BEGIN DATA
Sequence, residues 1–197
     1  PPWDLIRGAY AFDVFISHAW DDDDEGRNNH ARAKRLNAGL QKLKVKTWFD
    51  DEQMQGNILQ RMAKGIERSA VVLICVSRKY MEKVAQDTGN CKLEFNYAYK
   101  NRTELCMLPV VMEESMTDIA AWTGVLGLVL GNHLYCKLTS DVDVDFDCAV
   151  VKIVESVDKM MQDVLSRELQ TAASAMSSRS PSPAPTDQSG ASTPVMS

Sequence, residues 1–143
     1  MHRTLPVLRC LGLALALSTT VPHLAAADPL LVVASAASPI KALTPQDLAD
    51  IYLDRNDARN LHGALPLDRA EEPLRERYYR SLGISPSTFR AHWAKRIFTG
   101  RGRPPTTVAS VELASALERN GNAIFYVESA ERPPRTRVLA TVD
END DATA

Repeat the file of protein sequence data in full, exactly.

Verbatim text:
Sequence, residues 1–197
     1  PPWDLIRGAY AFDVFISHAW DDDDEGRNNH ARAKRLNAGL QKLKVKTWFD
    51  DEQMQGNILQ RMAKGIERSA VVLICVSRKY MEKVAQDTGN CKLEFNYAYK
   101  NRTELCMLPV VMEESMTDIA AWTGVLGLVL GNHLYCKLTS DVDVDFDCAV
   151  VKIVESVDKM MQDVLSRELQ TAASAMSSRS PSPAPTDQSG ASTPVMS

Sequence, residues 1–143
     1  MHRTLPVLRC LGLALALSTT VPHLAAADPL LVVASAASPI KALTPQDLAD
    51  IYLDRNDARN LHGALPLDRA EEPLRERYYR SLGISPSTFR AHWAKRIFTG
   101  RGRPPTTVAS VELASALERN GNAIFYVESA ERPPRTRVLA TVD